As you seem to have overlooked in my posting above, I agreed and agree with your last assessment there. Despite being American and educated I even post accordingly, as you can see in many dozens of my posts throughout this forum.

    But you posted otherwise, above - you nitpicked that awkwardness to whatabout a more significant criticism of your posting, a criticism you continue to avoid rather than address. That characteristic wingnut dodge is the target of my recent posting here. It does harm itself, and abets harm done otherwise.

    In particular: it obscures critical issues surrounding the common Federal and State and City governmental response to BLM's demonstrations of resistance to police abuse of black people.
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  7. Thus Spoke Registered Member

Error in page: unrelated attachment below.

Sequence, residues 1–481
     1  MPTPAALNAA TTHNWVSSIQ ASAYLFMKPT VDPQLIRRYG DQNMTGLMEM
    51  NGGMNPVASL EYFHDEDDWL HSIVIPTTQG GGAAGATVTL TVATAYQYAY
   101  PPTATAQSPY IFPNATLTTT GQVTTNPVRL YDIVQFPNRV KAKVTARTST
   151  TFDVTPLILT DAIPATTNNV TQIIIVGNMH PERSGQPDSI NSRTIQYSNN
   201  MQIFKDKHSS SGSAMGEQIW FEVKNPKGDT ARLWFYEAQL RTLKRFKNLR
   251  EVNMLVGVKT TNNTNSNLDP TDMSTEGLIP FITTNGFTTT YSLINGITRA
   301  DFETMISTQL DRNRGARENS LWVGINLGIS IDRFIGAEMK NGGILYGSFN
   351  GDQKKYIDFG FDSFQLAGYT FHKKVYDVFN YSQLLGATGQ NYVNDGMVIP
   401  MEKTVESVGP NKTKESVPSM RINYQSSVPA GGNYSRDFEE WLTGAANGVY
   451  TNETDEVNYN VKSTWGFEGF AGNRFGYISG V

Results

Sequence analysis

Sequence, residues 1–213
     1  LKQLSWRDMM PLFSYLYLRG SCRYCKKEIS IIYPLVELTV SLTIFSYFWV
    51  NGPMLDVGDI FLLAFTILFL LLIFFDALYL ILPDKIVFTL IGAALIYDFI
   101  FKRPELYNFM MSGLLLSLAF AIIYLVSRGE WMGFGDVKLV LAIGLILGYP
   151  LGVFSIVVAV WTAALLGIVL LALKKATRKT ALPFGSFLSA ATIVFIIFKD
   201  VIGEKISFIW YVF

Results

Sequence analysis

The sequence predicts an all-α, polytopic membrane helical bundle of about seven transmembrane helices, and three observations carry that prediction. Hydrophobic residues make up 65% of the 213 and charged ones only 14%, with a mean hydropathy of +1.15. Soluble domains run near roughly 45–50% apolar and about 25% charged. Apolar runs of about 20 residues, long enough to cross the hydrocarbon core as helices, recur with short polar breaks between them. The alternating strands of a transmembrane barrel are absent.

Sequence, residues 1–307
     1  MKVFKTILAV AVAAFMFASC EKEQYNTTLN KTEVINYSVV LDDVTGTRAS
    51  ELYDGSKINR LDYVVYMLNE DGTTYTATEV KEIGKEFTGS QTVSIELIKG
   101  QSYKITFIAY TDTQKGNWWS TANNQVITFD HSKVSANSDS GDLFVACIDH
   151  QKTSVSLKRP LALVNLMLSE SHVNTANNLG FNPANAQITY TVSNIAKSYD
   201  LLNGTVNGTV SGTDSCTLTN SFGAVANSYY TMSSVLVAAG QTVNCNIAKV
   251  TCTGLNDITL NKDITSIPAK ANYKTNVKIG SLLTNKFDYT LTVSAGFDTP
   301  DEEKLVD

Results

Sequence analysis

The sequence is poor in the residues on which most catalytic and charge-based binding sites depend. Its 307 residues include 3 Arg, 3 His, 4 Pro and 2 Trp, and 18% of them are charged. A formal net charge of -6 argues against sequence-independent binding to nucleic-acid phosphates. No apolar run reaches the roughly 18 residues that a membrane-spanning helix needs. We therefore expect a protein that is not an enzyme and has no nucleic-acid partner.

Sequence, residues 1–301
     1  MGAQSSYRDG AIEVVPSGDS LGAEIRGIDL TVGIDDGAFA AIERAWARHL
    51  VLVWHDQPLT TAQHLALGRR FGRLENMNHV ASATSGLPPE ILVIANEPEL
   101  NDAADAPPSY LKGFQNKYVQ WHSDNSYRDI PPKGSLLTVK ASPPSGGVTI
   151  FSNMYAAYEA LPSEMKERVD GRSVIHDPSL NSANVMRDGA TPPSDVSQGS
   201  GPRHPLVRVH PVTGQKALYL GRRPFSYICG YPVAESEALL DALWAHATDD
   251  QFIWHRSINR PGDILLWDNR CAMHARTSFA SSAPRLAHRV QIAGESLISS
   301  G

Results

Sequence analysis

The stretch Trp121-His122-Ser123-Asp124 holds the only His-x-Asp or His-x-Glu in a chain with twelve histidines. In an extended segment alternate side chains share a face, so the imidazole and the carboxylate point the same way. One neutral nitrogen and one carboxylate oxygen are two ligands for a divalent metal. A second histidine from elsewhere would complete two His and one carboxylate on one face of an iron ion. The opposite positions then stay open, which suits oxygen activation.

I don’t think that Tiassa was agreeing with me. He provided an historical account. It was an honest and thorough account of what happened.

    I never denied that there wasn’t an issue with police brutality or racism. There might have been incidences where federal officers crossed their boundaries. I don’t know because I wasn’t there. My point was that it’s their duty to protect federal property and they had a right to be there.
  8. parmalee peripatetic artisan Valued Senior Member

  9. Thus Spoke Registered Member

    No. It was an accident.
  10. Tiassa Let us not launch the boat ... Staff Member